The first thing you see when you visit digital.sandiego.edu is a map of the world animated by blue pins dropping into places like Australia, Korea, and Switzerland. These pins highlight locations where someone is downloading work produced by the USD community. Since Copley Library launched its institutional repository, Digital@USanDiego, in October of 2014, faculty, students, and staff from across the university have contributed original work and scholarship to its growing collection of digital material available all over the world.
Faculty members from College of Arts and Sciences departments such as history, philosophy, and biology, along with faculty members from the Shiley-Marcos School of Engineering, the School of Business Administration, and the Hahn School of Nursing have contributed full texts of published articles they have authored. By contributing this material to the repository, they make their work more accessible to readers and researchers from all over the world.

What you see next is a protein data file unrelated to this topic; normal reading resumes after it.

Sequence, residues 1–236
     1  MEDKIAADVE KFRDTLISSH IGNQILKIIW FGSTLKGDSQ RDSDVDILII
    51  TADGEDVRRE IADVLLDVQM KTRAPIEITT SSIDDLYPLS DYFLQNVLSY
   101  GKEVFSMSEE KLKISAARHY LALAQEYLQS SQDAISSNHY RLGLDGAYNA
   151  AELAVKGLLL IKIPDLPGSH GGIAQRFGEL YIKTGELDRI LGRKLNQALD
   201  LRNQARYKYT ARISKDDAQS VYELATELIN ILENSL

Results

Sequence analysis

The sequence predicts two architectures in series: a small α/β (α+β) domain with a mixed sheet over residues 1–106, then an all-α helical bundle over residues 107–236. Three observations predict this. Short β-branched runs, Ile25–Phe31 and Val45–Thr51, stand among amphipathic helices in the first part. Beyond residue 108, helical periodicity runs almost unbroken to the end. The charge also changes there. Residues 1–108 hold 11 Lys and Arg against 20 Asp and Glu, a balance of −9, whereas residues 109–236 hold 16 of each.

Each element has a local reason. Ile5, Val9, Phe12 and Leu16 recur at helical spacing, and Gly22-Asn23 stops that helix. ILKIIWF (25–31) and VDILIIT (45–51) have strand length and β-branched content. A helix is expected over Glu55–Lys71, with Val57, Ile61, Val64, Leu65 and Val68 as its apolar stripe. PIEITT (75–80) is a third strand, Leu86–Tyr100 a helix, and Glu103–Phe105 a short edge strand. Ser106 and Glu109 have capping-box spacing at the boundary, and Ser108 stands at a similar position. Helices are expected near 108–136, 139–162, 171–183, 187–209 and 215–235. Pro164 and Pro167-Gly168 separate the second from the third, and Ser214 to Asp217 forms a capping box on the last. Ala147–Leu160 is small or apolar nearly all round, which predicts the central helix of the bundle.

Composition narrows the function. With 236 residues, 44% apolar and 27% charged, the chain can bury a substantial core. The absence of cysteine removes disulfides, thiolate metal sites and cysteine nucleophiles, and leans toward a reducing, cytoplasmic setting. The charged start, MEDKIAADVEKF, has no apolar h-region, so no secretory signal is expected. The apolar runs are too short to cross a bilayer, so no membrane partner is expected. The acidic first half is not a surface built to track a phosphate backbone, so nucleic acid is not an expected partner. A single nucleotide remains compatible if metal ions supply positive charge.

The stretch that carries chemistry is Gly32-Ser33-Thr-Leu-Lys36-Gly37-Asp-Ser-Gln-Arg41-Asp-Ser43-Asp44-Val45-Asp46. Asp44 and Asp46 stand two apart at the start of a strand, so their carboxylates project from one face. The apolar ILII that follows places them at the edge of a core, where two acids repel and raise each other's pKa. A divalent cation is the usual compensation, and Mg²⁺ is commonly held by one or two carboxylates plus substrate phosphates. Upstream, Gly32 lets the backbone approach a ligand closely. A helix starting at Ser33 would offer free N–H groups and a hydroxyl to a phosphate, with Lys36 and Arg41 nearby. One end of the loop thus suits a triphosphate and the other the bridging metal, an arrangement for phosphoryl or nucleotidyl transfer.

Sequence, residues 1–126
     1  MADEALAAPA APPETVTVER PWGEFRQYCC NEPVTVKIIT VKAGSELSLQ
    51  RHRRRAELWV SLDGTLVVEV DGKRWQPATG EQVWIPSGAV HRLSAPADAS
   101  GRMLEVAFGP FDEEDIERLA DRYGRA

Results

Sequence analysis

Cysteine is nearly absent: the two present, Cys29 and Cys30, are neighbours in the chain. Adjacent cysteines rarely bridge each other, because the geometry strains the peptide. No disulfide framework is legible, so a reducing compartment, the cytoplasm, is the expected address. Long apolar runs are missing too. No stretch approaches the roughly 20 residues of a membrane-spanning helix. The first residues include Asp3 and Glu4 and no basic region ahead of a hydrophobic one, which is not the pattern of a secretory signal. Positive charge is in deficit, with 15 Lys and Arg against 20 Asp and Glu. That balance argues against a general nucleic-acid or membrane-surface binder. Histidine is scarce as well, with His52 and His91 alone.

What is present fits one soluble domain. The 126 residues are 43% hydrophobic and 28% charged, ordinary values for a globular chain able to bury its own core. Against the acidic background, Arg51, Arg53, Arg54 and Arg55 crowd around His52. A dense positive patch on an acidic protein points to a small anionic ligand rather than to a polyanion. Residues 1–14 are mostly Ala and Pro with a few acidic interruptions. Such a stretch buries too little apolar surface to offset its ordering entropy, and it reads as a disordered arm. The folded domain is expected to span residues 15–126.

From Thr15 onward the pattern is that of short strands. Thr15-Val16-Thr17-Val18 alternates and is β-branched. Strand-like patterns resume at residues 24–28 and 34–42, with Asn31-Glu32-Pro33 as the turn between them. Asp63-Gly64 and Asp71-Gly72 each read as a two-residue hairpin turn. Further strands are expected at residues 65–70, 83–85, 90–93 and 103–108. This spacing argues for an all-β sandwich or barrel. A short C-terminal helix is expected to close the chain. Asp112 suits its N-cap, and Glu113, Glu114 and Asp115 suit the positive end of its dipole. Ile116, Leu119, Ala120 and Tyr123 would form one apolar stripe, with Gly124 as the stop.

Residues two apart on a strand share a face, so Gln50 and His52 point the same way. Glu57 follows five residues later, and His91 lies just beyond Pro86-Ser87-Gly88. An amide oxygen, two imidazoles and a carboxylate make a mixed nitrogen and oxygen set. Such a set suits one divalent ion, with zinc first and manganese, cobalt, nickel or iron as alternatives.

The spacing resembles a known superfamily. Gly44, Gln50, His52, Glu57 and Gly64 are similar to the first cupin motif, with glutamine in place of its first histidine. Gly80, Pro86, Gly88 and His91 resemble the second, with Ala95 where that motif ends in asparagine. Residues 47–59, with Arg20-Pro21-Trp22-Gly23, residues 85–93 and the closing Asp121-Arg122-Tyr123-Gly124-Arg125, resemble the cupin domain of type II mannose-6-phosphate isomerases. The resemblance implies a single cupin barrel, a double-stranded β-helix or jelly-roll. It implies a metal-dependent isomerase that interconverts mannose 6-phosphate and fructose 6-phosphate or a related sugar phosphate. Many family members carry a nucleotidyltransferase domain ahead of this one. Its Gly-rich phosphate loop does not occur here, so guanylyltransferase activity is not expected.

Copley Library’s Archives and Special Collections department has been busy digitizing some of their rare and unique holdings for public access as well. Collections such as the Religious of the Sacred Heart Postcard Collection, a set of nearly 600 images of rare postcards depicting the schools, chapels, and convents of the Society of the Sacred Heart.
The collection of undergraduate theses by USD Honors Program graduates is one of the newest and most popular collections. By publishing their work with the library, these students have been able to track downloads of their theses worldwide. If you’re interested in learning more about what you can contribute, or how the library can help you publish a journal, host a conference, or get more exposure for your work, contact Kelly Riddle, Digital Initiatives Librarian, at email@example.com.
What’s next for Digital@USanDiego? 2016 will see new partnerships with departments and institutes across campus, exciting new digitization projects from USD’s Archives and Special Collections, multimedia collaborations with faculty members—and a whole lot of new pins on the map.